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Raccoons are charismatic animal species found in North America. You may not have realized you have heard them, as raccoons can make a variety of sounds.

Research shows that raccoons make more than 200 different sounds, and each sound is used to protect themselves or communicate with others. Raccoons use a wide variety of sounds, including a rasping scream, a harsh snarl or growl, a loud purr, a whistle, and a low grunt.

Raccoons have unique characteristics and an ability to adapt to changing environmental conditions. Raccoons are familiar residents in North American suburbs, towns, and cities. 

Their varied vocalizations are some of the most recognizable among animals, and include growls, snarls, whimpers, purrs, screams, and whinnies.

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What Do The Sounds Of Raccoons Mean?

VocalizationNoise DescriptionPossible Reasons
GrowlingLow, guttural soundAgitation, warning to threats or other raccoons
HissingLoud hissesDefensive response, intimidation
ScreamingLoud, high-pitched scream or screechIntense confrontation, distress, pain
ChatteringThe rapid chattering of teethAgitation, anxiety, distress
WhiningHigh-pitched, plaintive soundYoung raccoons seeking attention from the mother
Huffing or SnortingShort bursts of exhalationAgitation, irritation
Raccoon noises and sounds infographics

Why Do Raccoons Make Noise?

Raccoons make various sounds including screeching, screaming, squealing, and whistling. These vocalizations indicate different situations. A raccoon can be heard screaming and making noise when fighting with other raccoons, while screeching and snarling indicate raccoons are stressed and looking for a safe and solitary place. 

They use many types of sound when calling each other, including a higher-pitched screeching or whistling. Female raccoons can often be heard to make noise such as screams. Screaming doesn’t only indicate fighting, but these shrill sounds are also used when mating.

Newborn raccoons make a lot of chittering and chippering noise from the den. Baby raccoons sound like birds chirping simultaneously as they cry for food. Cubs also make a high-pitched chirping noise when they feel threatened or annoyed

Raccoons make loud barks like dogs when they are in distress or get injured. Mothers also bark loudly when looking to attract their cubs back to them. 


A typical sound that raccoons make includes a chittering noise, which has variations depending on the situation. When adult raccoons chitter, it is when they are communicating with other adults. However, young ones also chitter to call their mothers. Chittering can also be heard when communicating with others at a distance, searching for food and shelter, or roaming around.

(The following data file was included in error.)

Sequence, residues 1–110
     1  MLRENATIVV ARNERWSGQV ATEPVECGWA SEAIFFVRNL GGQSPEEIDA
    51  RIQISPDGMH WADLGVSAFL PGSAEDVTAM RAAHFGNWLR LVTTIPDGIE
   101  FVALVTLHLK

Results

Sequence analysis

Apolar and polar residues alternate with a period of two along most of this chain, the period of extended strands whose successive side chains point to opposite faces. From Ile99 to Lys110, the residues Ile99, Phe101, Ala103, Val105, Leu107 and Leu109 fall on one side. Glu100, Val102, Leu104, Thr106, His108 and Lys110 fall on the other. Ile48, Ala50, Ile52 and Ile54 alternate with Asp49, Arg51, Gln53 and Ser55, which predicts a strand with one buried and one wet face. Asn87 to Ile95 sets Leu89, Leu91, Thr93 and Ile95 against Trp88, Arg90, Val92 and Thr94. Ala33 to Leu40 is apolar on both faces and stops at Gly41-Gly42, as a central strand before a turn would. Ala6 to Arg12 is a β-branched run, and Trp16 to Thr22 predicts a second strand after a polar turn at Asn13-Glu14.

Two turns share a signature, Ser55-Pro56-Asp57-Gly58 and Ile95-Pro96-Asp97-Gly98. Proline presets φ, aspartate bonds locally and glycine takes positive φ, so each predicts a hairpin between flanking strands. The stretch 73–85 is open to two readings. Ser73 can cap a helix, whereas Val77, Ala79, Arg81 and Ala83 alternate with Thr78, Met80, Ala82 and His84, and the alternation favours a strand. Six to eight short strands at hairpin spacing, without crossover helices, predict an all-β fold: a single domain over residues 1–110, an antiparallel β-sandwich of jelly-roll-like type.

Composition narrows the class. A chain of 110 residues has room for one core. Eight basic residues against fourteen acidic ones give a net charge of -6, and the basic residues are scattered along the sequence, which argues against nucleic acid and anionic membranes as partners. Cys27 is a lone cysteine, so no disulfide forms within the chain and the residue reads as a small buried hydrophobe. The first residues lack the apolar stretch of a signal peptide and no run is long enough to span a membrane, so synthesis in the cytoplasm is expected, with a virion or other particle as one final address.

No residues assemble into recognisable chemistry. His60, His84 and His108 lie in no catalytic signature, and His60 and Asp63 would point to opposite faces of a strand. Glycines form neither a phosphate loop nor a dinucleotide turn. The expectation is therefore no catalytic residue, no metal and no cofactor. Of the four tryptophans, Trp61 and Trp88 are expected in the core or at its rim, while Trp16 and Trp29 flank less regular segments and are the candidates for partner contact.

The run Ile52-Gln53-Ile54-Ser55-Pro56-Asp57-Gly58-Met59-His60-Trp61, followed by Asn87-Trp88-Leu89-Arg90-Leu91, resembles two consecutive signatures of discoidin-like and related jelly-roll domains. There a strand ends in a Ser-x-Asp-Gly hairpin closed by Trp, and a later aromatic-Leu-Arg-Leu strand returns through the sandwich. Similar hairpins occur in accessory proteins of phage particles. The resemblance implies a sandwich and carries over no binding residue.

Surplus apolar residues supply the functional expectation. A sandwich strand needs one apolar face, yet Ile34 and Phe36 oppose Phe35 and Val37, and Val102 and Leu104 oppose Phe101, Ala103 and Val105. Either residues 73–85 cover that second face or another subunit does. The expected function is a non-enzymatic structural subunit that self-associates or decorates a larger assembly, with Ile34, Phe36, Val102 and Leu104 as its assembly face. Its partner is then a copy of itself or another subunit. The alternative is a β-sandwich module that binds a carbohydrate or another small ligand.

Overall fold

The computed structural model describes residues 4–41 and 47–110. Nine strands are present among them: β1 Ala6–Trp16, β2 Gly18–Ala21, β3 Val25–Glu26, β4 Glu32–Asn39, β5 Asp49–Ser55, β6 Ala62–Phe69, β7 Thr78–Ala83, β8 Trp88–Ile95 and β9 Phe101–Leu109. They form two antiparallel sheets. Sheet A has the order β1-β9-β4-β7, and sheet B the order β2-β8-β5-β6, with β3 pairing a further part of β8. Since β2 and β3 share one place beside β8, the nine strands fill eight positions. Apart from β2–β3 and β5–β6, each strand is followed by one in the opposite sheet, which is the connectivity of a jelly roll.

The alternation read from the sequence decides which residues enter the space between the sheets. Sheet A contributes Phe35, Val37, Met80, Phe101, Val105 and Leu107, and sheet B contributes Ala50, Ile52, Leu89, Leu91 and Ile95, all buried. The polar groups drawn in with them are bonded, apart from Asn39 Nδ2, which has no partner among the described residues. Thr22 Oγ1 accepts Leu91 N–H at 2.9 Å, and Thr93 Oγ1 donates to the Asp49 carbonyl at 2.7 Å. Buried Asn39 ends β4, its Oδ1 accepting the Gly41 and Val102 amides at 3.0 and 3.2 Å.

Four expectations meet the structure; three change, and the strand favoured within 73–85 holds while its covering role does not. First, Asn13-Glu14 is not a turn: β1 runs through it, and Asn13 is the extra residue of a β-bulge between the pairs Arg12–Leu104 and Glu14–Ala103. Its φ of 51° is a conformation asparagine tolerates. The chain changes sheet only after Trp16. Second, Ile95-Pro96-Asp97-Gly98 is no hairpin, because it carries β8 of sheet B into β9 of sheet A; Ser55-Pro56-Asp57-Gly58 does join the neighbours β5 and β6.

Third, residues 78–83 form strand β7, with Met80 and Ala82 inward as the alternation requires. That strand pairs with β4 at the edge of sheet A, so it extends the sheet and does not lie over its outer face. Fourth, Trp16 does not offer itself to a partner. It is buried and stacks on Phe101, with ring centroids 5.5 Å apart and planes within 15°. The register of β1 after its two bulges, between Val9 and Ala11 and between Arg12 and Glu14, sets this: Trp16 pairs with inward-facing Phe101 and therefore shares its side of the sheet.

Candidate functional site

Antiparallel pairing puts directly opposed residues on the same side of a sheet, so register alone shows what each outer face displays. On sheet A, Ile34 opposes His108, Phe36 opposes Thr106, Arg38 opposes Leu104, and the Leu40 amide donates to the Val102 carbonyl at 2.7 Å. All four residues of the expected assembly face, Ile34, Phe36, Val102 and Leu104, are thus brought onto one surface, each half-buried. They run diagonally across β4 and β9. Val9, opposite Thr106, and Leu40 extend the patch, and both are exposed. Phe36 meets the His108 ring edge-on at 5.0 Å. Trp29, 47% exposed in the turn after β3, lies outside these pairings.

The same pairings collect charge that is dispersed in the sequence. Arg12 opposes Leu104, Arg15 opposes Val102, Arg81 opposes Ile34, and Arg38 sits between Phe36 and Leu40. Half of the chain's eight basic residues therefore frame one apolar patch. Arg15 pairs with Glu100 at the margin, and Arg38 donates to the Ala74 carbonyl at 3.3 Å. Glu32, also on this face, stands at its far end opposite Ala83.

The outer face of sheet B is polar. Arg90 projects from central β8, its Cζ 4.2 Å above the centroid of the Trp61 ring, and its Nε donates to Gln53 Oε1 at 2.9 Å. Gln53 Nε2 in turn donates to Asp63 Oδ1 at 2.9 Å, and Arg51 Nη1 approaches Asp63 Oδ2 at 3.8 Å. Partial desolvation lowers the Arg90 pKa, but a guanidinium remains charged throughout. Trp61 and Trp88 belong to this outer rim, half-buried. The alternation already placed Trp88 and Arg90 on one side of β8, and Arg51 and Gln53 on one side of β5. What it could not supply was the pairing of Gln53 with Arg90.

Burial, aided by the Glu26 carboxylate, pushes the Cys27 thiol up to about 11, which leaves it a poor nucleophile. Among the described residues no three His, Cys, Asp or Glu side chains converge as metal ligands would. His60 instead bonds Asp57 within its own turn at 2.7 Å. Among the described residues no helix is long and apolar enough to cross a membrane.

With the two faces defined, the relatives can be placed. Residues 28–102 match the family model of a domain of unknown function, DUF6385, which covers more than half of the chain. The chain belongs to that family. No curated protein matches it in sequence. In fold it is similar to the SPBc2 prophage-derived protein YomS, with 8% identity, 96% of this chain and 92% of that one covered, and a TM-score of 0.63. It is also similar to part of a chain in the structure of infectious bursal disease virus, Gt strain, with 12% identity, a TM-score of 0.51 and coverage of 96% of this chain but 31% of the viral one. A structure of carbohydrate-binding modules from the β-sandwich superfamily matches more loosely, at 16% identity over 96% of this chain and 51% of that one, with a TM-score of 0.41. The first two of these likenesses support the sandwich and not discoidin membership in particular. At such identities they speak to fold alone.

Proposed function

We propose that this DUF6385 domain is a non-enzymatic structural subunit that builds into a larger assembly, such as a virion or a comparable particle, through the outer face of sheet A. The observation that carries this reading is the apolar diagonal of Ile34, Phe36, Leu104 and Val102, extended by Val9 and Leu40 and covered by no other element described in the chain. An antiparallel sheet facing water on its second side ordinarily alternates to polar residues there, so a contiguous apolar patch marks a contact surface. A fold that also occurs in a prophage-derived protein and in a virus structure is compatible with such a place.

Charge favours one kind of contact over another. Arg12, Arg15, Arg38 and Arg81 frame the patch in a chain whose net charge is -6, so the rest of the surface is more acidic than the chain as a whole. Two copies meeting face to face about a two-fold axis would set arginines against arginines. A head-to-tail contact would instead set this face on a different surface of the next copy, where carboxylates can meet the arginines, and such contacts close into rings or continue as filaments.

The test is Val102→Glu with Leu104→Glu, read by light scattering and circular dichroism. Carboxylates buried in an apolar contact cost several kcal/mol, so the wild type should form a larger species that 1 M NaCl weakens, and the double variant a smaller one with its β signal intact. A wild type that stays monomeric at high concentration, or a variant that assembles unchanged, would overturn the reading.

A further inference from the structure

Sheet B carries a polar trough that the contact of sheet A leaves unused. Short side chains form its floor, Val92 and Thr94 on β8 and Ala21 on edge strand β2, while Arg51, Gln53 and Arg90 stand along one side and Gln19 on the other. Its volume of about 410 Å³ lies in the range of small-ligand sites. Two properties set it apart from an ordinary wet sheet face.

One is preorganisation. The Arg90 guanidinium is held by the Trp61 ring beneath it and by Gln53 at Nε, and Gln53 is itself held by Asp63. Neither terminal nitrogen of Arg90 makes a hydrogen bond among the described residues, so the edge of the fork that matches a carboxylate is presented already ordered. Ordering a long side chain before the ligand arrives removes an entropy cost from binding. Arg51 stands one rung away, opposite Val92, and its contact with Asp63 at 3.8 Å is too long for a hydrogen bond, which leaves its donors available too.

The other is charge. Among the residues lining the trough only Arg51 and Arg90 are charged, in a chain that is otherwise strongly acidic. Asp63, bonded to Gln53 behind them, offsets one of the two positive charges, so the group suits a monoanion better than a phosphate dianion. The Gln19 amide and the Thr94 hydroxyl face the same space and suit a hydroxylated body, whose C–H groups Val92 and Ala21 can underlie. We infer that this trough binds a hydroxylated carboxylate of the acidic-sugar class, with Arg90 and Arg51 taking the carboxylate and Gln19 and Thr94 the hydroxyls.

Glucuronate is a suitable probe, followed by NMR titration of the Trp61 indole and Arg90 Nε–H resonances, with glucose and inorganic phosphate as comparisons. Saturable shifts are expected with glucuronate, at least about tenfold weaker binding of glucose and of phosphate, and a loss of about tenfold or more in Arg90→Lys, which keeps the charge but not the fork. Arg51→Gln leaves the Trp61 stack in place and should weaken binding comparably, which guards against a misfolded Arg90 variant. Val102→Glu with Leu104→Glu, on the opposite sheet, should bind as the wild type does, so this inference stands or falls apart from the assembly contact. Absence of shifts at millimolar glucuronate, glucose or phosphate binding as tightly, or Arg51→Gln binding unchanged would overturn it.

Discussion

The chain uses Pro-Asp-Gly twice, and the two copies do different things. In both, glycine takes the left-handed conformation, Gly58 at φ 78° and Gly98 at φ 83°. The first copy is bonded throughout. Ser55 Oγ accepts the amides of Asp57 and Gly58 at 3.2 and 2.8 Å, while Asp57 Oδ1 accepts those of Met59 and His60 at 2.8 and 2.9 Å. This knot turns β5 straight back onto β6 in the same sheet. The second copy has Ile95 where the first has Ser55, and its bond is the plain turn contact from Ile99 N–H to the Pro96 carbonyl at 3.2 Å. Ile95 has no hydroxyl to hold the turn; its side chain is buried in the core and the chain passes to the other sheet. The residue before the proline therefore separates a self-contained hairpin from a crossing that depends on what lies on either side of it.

Females also use different chittering sounds during the mating season to call male raccoons and show they are interested in breeding.

raccoon digging


Purring is another familiar sound made by raccoons, especially young ones. Baby raccoons purr when a mother raccoon holds or licks them.

Female raccoons also use a purring sound when showing affection for their cubs. The purring sound indicates happiness, satisfaction, pleasure, and joy. Males will also purr when they are happy and to show affection.

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Although raccoons try to avoid conflicts, they react to threats and dangerous situations. Growling is a defensive sound when raccoons sense threats or feel trapped. 

Besides growling and hissing, raccoons also show their sharp claws and teeth to prevent threats or to defend themselves. Female raccoons make loud growling and hissing sounds when trying to protect their young ones. 

Raccoons may growl when they feel threatened or agitated and serves as a warning to other animals to keep away. It’s a way for them to communicate that they are not comfortable with their surroundings or that they perceive a potential danger.

Growling can also be a means of defending their territory. Raccoons are territorial animals and might vocalize their presence to deter other raccoons from encroaching on their territory.

What Sounds Do Raccoons Make When Angry?

When raccoons are agitated or angry, they can produce a variety of vocalizations and sounds to express their displeasure or discomfort.

Raccoons might emit low and guttural growling sounds when they are agitated. This can be a warning sign to potential threats or other raccoons to back off.

Raccoons may hiss when they feel threatened or cornered. It’s a defensive sound meant to intimidate and discourage predators or other animals from approaching.

In more intense confrontations or when experiencing pain or distress, raccoons might emit loud screams or screeches. These sounds can be quite unsettling and can occur during territorial disputes or aggressive interactions.

Young raccoons, also known as kits, might emit whining sounds when they are uncomfortable or seeking attention from their mother.

It’s important to note that raccoons are wild animals and can be unpredictable in their behavior. When encountering raccoons, especially if they are displaying signs of agitation, it’s best to give them space and avoid provoking them.

Raccoons are known carriers of diseases, so it’s important to prioritize safety and not approach or attempt to handle them without proper knowledge and precautions. If you encounter raccoons frequently or have concerns about their behavior, consider seeking advice from local wildlife authorities or experts.

Do Raccoons Make Noise at Night?

Raccoons are nocturnal animals and rarely seen during the day, and homeowners often hear raccoons in the attic at night. North American residents are pretty familiar with hearing raccoons noises at night, especially when they often make noise knocking over or rummaging through attics, trash cans, and other areas.

A growling sound is normally in response to danger or a threat that raccoons make at night, although hearing these noises from your home can be unsettling.

Raccoons are very vocal animals and make loud sounds and noises, such as snorting, snarling, screaming, and whimpering. A baby raccoon noise also includes crying, mewing, and whining. When communicating or calling each other at night, a raccoon may sound like a screeching owl. Mother raccoons will chitter when searching for food at night.